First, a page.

On Sunday, May 8, 1541, Hernando de Soto gazes at the Mississippi, and realizes he had a problem: The Mississippi is big, and he has to cross it. Not to worry, he thinks, he’ll just pretend he’s a god, and have the natives send enough canoes across for his men. He sends words to the town across the river that he is the Sun god, and to send canoes for his entourage. After a while, the leader of the town sends his respects to the “Sun god,” pleased that he has arrived, and points out that since de Soto is the “Sun god,” he should have no trouble drying up the Mississippi and walking across. De Soto ends up building several hundred boats and crossing at night, because the natives aren’t fools and resent the appearance of a foreign army in their neighborhood.
De Soto used what David Niven called the “god gambit” in his Ringworld books to what he thought was good effect. He’d usually appear at an Indian town, announce he was a deity, and the Indians would take one look at his army and go “Riiight.” A man with his own army can call himself pretty much what he wants, and those that didn’t fight him were usually happy to humor him and hope he’d just go away, and offer him supplies and guides where he and his army wouldn’t hang around.
De Soto, on the other hand, didn’t seem to realize that the success of his god gambit had more to do with his army than hoodwinking the locals. What he thought he knew was going through their heads wasn’t. He may have been dealing with people with stone-age technology, but that didn’t make them idiots, and they weren’t. Before it was all over, Hernando de Soto would be dead, and his men under siege, Of the men who embarked on the expedition, maybe half would make it out alive.
In the same way, when we look back at history and wonder how they could believe some of the things they did, we would do well to first remember they were not idiots. They often had reasons, in some cases flawed ones, but reasons nonetheless.
In some instances we are the ignorant ones. For instance, in reading an otherwise excellent book on 14th Century England, the author makes a blunder by looking at Genesis to construct a religious view of women in that period. The problem is that there’s considerably more than the incident of Adam and Eve, from Psalms 31:10-31, to the veneration of Mary. I got the impression that the author wasn’t a particularly religious person, and based his theory on what little he knew, unaware it wasn’t the complete story.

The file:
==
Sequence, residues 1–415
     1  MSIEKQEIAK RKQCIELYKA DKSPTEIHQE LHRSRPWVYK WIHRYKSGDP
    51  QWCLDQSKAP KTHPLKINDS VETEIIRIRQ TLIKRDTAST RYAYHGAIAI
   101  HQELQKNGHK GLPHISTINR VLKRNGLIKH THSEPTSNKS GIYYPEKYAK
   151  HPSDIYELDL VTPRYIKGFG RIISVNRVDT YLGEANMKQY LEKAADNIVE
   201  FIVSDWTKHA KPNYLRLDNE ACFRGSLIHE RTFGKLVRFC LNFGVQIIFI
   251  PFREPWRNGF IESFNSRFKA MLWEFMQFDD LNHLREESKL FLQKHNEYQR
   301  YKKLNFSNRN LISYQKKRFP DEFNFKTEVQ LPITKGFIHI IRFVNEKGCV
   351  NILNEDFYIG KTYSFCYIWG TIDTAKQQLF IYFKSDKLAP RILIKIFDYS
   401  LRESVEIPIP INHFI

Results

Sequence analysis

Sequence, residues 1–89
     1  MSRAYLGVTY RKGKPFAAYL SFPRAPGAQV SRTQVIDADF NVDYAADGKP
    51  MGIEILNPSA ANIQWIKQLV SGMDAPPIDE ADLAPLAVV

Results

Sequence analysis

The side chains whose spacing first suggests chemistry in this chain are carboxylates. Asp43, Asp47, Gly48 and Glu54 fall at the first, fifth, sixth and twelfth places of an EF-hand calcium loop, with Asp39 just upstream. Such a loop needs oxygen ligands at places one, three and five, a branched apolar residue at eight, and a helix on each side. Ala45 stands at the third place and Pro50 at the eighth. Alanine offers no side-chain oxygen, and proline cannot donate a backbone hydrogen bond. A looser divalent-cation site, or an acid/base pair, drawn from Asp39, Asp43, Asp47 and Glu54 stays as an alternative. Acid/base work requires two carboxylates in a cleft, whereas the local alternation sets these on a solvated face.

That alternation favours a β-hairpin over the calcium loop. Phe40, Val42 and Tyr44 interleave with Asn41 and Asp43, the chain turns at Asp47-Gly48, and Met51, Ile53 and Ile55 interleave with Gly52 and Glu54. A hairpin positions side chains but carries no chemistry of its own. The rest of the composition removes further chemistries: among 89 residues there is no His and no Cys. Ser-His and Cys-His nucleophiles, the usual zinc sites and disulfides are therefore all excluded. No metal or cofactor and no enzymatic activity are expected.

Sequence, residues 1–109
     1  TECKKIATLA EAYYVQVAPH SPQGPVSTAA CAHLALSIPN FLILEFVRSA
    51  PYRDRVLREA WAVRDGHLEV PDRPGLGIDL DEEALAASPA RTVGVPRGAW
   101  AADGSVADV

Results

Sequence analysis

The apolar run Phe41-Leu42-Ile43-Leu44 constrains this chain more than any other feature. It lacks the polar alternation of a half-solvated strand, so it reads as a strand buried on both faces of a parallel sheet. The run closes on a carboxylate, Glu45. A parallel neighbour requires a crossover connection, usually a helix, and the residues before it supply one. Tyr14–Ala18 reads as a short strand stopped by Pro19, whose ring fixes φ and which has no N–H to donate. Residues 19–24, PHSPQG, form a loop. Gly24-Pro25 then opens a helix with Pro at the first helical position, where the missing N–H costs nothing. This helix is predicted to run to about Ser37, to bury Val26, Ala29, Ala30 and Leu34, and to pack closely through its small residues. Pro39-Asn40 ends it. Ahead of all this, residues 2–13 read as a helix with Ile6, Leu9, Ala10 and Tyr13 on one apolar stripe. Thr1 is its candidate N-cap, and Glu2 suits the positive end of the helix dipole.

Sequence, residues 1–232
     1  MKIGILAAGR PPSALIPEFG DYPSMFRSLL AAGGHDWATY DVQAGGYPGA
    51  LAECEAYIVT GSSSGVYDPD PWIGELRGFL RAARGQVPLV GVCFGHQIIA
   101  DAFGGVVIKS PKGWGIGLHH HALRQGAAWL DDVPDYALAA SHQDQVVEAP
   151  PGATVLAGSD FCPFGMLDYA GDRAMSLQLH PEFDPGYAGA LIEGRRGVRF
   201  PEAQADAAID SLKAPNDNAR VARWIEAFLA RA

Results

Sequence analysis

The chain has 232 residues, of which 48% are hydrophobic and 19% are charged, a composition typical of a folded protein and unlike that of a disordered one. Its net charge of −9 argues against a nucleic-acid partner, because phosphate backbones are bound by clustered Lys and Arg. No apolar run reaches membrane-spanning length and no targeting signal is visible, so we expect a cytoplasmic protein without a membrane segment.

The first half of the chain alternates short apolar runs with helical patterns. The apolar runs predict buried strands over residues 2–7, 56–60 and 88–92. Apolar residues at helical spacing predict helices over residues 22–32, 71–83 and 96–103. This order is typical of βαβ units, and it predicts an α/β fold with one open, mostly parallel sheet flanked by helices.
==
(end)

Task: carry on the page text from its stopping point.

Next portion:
So when the medieval use of astrology and alchemy, and belief in the supernatural, is pooh-poohed by moderns as extremely ignorant, we forget they based their beliefs on what they knew. Astrology was considered an important science in the 14th Century, and alchemy was based on early theories of matter. While today we know the theories to be very wrong, we should remember it was the best information they had at the time. If you think, as the educated did in that day, that all of matter was made of four to six elements, then the idea of transforming lead into gold isn’t unreasonable. If you notice that planting time coincides with the rising of a specific constellation, as does events like flooding of rivers or summer heat, it’s not all that unreasonable to assume that other things in the sky may herald events on Earth. They based their beliefs on what they knew.
If we’re feeling smug about our superior knowledge, consider that just a century ago the Andromeda Galaxy was thought to be a vast nebula, and everyone just knew you couldn’t split an atom. It’s humbling to muse that some of our beliefs about the universe will be considered ignorant by those several hundred years hence. Will that mean they’re smarter than us? No, just as Hernando de Soto was not smarter than the Indians he encountered, though he and his men had iron and gunpowder, and the Indians still had stone-based technology.
If our descendents will be no smarter than we, then we should remember than our ancestors weren’t any more stupid. This should make us ask why they believed as they did.
This applies to everything, from farming to warfare. Then, as now, what people know, what they think they know, beliefs, culture, laws, and practicalities provide the basis for decision making. If we wonder “What was going through their minds?” then that’s the question we need to answer.
It goes without saying that this doesn’t give the past carte blanche. Understanding the reasoning behind an act is not the same as condoning it, and as we understand it, we might find it was considered reprehensible by contemporaries as well. Even Hernando de Soto was disgusted with Pizzaro.
It’s worth noting that although de Soto had encountered Indians before, and had become friends with Atahualpa, he still thought the god gambit worked. In the same way we can become “friends” with the past, but never really understand it. It helps to remember that these were people who, despite different cultures and beliefs, were at times hungry and thirty, laughed, cried, loved, hated, and were, by and large just folks. For while we should never make the mistake of assuming one culture is pretty much like the other, people remain the same.
If we remember that, we go a long way in understanding history.